Beyond their personal hiring practices, Dr. Draper and Dr. Tyler hope to show African American children everywhere that Veterinary Medicine is a career option in the first place. Mentioned in last week’s article, there are animal care deserts and oftentimes, Black students have less robust (if any) STEM programming in their schools. Lack of exposure and preparation are huge attributors to the lack of African American Veterinarians in the workforce (see last week’s highlight on our website for more on this topic).
Dr. Draper and Dr. Tyler’s recognition of the importance of diversity and representation in the field is why they pursued being featured in a “three-part television pilot for the National Geographic Channel” called “Love and Vets” seen on Disney+ (6). “Love and Vets” is a show about a married Veterinarian couple (1). Dr. Draper says pursuing this opportunity was never about the fame or money. “It’s about letting that little African-American child who’s sitting at home being homeschooled and doesn’t really know what he wants to do see me and go, ‘Wow, I can do that! (1).”’ In addition to “Love and Pets,” Dr. Draper is a “veterinary content editor for WebMD magazine,” (5) has acted as a “veterinary commentator on Nat Geo WILD’s Animal ER Live,” and has provided “veterinary expertise on HLN, CNN, and numerous local Atlanta news outlets” (5).
These experiences are amazing professional experiences but also are direct action aimed at opening doors for future African American Veterinarians, by increasing visible representation and diversity in the voices heard in the industry. His dedication to his clients as well as increasing diversity in veterinary medicine are clear when asked what his favorite part of the journey has been.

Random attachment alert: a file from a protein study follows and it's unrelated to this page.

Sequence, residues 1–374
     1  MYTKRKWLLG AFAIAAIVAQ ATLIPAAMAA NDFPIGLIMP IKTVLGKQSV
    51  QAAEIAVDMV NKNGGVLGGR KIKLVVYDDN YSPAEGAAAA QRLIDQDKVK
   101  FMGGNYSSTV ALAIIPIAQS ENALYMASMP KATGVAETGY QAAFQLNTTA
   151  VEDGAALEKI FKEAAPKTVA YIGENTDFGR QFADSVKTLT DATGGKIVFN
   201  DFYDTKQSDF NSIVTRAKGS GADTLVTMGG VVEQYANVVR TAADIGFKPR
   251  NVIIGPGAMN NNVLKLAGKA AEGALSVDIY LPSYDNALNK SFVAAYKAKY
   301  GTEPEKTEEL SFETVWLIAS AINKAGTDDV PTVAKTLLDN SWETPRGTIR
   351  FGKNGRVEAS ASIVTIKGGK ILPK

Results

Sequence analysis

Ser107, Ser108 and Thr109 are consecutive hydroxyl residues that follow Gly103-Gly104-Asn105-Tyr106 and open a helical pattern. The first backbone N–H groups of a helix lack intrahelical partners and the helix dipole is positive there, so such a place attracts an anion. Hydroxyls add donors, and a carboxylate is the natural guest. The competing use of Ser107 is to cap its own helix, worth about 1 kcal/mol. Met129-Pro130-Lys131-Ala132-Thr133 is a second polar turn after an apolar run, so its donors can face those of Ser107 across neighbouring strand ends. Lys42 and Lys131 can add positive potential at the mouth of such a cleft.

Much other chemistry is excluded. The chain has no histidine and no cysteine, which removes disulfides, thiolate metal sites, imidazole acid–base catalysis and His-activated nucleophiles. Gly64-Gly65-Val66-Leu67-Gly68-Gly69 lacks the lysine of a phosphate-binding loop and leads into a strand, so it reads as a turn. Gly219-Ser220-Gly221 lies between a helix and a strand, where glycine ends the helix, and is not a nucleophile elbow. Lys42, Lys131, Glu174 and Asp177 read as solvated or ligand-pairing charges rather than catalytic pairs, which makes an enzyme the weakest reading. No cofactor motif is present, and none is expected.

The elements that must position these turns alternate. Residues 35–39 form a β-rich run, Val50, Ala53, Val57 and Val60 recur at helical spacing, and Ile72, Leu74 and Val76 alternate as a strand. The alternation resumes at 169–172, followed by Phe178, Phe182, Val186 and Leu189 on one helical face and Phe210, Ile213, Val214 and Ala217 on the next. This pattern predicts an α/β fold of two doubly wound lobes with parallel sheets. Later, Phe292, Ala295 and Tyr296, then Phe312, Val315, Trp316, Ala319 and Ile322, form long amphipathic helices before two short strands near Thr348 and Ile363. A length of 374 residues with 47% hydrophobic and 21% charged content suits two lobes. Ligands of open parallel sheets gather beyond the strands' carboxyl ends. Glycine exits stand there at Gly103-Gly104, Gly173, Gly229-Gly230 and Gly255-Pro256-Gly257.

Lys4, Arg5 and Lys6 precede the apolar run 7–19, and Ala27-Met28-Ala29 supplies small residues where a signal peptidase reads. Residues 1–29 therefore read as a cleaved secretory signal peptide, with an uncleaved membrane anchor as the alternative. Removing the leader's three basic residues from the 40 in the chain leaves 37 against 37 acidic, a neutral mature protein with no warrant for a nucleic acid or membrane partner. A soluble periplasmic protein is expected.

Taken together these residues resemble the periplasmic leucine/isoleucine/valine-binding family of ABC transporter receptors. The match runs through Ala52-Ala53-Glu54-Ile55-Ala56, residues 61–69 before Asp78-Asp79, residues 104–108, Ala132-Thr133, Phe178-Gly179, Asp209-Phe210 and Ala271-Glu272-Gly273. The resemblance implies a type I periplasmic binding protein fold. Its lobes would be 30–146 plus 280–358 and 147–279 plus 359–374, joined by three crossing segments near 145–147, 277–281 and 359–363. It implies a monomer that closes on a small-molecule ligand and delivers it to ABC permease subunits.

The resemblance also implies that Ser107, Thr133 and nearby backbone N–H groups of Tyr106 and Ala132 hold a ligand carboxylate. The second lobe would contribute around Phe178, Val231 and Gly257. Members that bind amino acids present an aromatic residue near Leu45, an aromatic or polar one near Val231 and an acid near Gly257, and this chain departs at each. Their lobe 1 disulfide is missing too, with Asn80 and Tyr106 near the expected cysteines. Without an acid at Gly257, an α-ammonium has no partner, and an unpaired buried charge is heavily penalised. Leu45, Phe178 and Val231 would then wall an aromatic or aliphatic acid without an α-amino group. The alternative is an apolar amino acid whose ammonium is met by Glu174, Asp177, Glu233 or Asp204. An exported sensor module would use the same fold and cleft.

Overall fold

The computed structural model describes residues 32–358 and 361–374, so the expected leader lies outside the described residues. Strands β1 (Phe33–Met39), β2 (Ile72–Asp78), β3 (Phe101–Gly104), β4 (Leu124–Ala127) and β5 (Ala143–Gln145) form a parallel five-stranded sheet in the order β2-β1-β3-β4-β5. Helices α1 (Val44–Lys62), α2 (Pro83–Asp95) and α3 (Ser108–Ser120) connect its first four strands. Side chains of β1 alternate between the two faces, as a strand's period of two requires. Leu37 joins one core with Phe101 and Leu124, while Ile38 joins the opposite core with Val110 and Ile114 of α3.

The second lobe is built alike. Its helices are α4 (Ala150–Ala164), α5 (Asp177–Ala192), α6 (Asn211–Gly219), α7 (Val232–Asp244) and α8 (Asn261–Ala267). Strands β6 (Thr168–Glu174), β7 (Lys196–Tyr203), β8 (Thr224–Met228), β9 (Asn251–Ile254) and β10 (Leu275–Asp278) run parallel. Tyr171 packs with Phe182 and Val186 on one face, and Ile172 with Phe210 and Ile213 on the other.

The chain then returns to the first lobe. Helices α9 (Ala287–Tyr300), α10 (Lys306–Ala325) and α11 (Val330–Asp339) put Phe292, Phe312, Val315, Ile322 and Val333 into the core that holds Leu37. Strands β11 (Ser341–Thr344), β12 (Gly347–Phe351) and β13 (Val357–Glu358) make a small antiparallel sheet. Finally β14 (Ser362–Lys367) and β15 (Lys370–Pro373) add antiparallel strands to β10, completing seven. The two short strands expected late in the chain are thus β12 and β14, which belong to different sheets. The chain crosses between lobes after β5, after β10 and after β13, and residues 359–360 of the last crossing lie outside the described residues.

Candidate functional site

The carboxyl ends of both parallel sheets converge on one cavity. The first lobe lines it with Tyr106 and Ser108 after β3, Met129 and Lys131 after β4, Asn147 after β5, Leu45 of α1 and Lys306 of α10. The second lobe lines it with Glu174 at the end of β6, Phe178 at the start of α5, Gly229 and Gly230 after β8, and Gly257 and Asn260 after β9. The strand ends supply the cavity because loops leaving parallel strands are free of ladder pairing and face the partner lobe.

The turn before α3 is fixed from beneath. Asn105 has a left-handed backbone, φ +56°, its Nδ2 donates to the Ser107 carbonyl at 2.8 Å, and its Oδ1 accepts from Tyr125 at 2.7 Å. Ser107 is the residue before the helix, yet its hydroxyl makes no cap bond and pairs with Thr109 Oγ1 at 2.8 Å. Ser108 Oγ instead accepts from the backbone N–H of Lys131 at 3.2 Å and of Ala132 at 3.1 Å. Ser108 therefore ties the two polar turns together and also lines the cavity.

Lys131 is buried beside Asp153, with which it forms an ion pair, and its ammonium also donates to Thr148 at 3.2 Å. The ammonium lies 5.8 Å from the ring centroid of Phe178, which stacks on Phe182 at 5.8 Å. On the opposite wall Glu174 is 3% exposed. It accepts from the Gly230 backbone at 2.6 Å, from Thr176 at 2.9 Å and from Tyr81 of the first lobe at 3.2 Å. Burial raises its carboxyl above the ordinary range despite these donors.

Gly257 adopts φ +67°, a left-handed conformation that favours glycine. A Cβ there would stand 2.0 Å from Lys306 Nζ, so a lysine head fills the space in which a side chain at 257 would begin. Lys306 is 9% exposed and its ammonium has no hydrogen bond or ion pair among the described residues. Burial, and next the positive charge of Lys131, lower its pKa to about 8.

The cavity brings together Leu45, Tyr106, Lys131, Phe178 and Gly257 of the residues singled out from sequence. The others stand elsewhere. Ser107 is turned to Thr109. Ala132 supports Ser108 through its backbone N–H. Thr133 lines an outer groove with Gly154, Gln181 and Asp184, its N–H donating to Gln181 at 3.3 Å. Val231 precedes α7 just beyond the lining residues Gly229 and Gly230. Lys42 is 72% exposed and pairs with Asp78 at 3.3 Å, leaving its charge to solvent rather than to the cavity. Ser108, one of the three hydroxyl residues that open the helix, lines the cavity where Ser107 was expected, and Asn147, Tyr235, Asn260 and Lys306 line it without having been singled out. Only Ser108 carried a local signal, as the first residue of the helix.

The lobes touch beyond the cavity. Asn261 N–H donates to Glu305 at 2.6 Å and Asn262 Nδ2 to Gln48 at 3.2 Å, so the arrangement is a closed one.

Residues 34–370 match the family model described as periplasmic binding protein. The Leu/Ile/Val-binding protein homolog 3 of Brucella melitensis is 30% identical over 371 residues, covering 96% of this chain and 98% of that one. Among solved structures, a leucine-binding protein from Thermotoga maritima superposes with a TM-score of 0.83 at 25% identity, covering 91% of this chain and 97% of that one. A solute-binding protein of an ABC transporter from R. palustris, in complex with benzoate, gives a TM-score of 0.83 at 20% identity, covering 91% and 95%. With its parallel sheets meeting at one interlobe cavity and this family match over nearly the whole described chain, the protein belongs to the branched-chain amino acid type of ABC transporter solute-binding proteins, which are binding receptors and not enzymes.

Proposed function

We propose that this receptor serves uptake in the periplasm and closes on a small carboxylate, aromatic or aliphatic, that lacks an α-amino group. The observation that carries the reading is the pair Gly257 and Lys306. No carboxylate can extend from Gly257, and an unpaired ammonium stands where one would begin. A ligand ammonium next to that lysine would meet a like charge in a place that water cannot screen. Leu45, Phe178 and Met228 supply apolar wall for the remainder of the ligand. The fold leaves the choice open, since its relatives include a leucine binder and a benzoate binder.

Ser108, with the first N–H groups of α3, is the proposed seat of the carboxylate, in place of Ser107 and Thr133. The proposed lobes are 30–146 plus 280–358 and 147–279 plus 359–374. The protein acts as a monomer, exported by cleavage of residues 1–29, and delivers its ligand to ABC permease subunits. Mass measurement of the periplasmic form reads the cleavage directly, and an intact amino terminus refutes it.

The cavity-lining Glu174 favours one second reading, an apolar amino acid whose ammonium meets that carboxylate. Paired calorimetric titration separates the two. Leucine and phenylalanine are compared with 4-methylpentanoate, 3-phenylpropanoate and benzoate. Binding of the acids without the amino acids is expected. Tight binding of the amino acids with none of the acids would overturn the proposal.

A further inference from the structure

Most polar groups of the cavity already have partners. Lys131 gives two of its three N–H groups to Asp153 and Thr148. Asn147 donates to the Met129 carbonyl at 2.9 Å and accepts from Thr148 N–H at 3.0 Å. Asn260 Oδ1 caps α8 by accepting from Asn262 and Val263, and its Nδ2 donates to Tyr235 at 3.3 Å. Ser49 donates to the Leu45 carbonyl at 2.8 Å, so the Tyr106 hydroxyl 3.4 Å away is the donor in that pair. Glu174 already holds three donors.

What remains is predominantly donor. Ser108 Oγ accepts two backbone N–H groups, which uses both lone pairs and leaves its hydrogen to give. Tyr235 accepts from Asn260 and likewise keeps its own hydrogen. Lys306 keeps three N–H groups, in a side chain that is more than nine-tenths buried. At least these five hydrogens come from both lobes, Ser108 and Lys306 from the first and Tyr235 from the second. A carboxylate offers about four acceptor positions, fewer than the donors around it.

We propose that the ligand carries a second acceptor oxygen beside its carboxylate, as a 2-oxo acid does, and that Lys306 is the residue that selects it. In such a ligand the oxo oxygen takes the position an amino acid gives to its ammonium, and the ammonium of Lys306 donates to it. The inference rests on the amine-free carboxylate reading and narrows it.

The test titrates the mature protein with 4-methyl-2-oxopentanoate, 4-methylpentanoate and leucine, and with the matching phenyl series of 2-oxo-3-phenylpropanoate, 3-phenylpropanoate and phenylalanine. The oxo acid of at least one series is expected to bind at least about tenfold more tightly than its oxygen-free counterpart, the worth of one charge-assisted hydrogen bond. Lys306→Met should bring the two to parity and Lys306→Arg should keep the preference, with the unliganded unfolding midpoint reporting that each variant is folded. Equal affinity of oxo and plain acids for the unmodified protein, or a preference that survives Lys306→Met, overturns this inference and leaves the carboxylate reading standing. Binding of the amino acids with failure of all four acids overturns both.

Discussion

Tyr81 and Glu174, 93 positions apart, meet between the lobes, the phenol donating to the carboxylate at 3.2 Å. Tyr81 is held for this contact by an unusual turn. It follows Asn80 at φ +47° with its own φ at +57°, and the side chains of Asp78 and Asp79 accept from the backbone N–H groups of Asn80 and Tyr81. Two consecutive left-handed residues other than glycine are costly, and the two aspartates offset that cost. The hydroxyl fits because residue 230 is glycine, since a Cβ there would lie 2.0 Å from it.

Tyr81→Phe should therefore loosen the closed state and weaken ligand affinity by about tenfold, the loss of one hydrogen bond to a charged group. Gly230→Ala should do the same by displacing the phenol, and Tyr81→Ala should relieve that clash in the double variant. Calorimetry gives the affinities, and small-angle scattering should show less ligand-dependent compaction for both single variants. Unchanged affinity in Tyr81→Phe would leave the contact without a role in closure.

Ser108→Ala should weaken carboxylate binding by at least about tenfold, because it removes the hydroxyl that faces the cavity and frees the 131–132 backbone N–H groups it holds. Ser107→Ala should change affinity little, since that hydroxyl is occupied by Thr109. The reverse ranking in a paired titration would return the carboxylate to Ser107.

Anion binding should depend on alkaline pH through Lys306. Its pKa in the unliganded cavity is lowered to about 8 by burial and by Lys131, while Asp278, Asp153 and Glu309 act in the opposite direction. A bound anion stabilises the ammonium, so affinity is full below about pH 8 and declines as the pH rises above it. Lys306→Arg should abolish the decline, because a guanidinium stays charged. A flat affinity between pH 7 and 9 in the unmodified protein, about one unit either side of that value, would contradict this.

He says, “One of my favorite parts of my journey is providing an amazing experience for clients, pets, and our team members. I take all of it very personally, and am dedicated to making it an overall positive and memorable one, sun up to sundown, every single day. I am also excited for what the future holds in our profession- and focused on providing opportunities and options to young veterinarians outside of the corporate practice design (3).”
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In last week’s highlight we indicated that 0.0% of Veterinarians are African American. We went through many of the reasons for this strikingly low number and provided links for further reading. If you haven’t read that highlight click HERE to read.